Arizona Trail: Part 3 – Something magic

July 22, 2019

The next days promise to be hot again. 25 degrees doesn’t sound like much at first. Paired with no shade and a scorching sun, you don’t want to imagine how it is with 30 degrees and more. I am very grateful for the current reports on the water sources that are on the way. An old cow watering place seems to me to be a pure luxury, because smaller streams, which were reported as flowing source a few days ago, are now only a trickle or even no longer there. On sections 5 and 6 in southern Arizona you can really rely on no source. But I hope to be able to do so, because I don’t want to carry 8 litres of water just in case. At least once it will be really narrow. My water is all and the last potential water caches on the trail crossing roads were empty. Another hinterland road crosses the Arizona Trail. And luckily there are two gallons with the inscription “AZT hiker – public”. I can’t thank the anonymous Trail Angels enough.

The journey continues in scorching heat. During a photo stop a red ant thinks it has to bite my foot. My foot swells up quite a bit over the next few kilometers and the poison of the Arizona ant torments me permanently. Only after about 20 km I hardly notice the pain anymore, because my ankles hurt much more. I have to think of something. It can’t go on like this for the next 1,140 km. Yes, that’s right. I’ve done 100 miles, that’s 100 miles.

But the last mile to the day’s destination doesn’t want to go by. Every few seconds I look at the clock and despair that only about 100 meters have passed again. The path winds through a cactus garden and feels as if I am walking in circles. I don’t care that the only water source “Twin Tanks” far and wide consists only of a mud hole with lots of cow shit in and around it. What are water filters for? In any case, I can’t take another step. The tent is pitched with a limp, dinner is devoured and then my feet finally have a break again. 

First Trail Magic

The next stage promises relief on the water front. To know that running water is guaranteed is like chocolate milk in paradise! That drives you forward. For the first time I use my trekking umbrella to protect myself from the sun. At Highway 83 I find my very first Trail Magic in a supply box: besides gallons of water there is a plastic box full of chip bags, bars, cookies. Time for a break and an entry in the Trail register for chips and water.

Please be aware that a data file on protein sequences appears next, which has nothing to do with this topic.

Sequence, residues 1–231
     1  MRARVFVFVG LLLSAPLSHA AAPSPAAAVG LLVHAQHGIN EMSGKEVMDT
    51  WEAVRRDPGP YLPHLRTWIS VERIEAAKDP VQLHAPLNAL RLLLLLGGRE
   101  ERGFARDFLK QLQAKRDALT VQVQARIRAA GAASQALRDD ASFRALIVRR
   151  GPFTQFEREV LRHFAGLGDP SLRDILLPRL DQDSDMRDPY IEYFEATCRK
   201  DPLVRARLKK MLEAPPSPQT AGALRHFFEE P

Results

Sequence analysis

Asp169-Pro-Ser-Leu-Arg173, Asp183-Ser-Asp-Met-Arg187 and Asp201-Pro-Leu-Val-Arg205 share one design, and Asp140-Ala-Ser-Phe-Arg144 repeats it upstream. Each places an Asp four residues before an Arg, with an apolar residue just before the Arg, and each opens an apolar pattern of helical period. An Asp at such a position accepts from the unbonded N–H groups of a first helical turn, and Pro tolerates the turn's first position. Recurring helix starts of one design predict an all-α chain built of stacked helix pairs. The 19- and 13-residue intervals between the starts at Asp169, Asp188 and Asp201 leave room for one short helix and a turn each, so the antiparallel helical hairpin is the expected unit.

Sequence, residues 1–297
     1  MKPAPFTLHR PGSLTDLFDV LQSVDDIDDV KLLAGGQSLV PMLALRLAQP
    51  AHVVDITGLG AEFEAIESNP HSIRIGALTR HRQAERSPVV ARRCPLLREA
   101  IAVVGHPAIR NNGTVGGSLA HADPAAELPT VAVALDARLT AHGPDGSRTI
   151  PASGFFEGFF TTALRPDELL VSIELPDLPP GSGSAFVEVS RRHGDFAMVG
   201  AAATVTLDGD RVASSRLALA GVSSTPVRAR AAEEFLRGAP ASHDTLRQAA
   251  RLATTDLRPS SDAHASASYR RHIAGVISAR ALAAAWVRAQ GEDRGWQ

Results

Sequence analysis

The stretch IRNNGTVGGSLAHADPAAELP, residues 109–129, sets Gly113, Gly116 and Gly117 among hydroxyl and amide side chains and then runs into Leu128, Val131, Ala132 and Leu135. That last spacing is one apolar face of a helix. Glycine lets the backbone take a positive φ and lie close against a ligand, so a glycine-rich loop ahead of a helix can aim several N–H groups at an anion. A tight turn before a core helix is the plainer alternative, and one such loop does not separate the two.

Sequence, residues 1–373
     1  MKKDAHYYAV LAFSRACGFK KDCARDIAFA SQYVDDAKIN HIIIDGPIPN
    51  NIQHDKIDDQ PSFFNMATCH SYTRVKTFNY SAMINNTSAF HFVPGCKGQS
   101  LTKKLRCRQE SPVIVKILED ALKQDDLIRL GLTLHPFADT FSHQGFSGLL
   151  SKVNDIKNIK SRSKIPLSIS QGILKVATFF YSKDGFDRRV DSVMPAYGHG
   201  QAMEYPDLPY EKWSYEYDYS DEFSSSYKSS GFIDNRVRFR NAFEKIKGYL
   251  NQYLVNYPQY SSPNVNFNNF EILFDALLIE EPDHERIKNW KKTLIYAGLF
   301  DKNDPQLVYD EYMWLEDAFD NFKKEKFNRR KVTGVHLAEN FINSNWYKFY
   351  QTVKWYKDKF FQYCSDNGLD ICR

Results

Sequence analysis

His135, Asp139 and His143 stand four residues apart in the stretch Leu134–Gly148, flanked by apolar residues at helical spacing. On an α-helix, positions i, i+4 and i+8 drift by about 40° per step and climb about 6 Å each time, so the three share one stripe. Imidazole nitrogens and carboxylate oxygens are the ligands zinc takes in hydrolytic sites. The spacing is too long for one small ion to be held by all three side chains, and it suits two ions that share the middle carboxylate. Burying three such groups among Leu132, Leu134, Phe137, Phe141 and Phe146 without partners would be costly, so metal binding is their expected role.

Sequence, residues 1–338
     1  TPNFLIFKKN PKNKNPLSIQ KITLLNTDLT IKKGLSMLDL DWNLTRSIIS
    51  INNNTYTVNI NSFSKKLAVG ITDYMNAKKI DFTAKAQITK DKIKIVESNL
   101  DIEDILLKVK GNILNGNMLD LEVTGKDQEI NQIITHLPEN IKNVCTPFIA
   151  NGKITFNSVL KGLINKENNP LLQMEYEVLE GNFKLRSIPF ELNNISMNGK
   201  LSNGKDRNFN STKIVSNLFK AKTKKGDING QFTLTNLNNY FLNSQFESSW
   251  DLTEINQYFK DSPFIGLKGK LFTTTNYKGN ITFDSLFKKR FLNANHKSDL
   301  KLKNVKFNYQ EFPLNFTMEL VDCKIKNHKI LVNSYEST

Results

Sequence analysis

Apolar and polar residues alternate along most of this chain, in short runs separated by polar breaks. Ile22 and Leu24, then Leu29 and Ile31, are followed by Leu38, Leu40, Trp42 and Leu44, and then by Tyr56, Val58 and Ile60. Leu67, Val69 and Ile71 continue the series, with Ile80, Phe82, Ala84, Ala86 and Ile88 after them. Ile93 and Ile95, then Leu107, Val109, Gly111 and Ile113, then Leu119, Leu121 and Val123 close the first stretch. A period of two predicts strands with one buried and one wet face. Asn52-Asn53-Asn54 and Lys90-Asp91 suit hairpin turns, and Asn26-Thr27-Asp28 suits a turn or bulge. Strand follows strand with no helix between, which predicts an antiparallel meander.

It is a good day, because some time later I arrive at the promised running water, the Las Cienegas Creek. Crystal clear it flows there under a few high railway bridges. A good opportunity for a long overdue full body wash. And because it’s already quite late, dinner is cooked on the spot. The Hamburg hikers suddenly show up and do the same to us. A full bath and cooking dinner. Actually they wanted to camp here, but that is prohibited around the Creek. But they don’t want to go much further.

After dinner we saddle up the chickens again and look for a suitable place to camp, which we find a few minutes later on a hill overlooking the railway tracks. Watching trains is funny. If I had known that the trains rush through the night every half hour, I would have looked for something else. And I’m not even woken by the rattling trains. The tent stands in the direction of the signal system and shines right into my face. I wake up as soon as the light turns green and I know: in 5 minutes another train is coming. No more camping at railway tracks. Learned something again.

Packages and Pizza

Completely tired I start the next morning. The hamburgers are no different. But we are all driven by a thought. The thought of pizza and beer in the Colossal Cave, a tourist point where cave tours are offered. The souvenir shop there accepts packages from and for hikers. I had brought my resupply package personally, the hamburgers had had some things sent there. Without a break we hike through the morning and mighty Saguaro cactus fields, which amaze us time and again.

10 o’clock we arrive at Colossal Cave. Luckily the pizza oven is being started. I pick up my package and start packing. The two hamburgers are really unlucky. Two of their packages never arrived. Without filter and food they don’t want to walk further and stop their hike, which should have gone to Oracle, at this point. A whole four hours pass in Colossal Cave, but at some point they have to go on. The daily destination at Rincon Creek is still 10 km away. Sicked by the beer I look for the way back to the AZT, meet a Canadian who also wants to go to Utah and we walk together until the end of the day.

The creek has swollen to a deep, fast flowing river. Because it is so beautiful on the beach-like shore, we decide to take a wet tent due to the threatening condensation and set up camp here. Sitting at the campfire we don’t even notice that Hiker Midnight is long gone before we crawl into our sleeping bags around 11 pm.


 – On to part 4 –

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